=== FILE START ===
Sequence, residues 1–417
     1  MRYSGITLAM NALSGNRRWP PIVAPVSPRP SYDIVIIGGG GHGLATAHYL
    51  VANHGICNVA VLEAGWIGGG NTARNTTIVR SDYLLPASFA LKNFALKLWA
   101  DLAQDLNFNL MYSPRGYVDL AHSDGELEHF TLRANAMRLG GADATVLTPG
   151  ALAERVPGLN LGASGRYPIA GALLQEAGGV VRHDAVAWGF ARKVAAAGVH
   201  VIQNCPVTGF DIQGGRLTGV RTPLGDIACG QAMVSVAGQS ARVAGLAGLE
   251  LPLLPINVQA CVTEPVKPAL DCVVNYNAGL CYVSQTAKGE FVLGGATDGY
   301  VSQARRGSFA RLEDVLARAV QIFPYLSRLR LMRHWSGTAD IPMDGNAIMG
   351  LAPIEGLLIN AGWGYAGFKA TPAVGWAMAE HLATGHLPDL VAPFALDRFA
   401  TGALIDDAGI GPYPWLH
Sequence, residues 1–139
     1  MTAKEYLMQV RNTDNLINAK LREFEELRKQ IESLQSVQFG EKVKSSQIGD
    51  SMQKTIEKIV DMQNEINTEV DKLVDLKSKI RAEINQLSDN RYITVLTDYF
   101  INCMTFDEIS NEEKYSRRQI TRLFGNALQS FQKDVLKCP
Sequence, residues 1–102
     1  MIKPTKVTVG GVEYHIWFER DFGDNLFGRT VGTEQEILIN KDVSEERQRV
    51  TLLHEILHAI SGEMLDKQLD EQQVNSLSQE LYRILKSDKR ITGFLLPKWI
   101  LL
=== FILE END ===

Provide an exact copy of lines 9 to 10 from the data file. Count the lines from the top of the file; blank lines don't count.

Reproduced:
   351  LAPIEGLLIN AGWGYAGFKA TPAVGWAMAE HLATGHLPDL VAPFALDRFA
   401  TGALIDDAGI GPYPWLH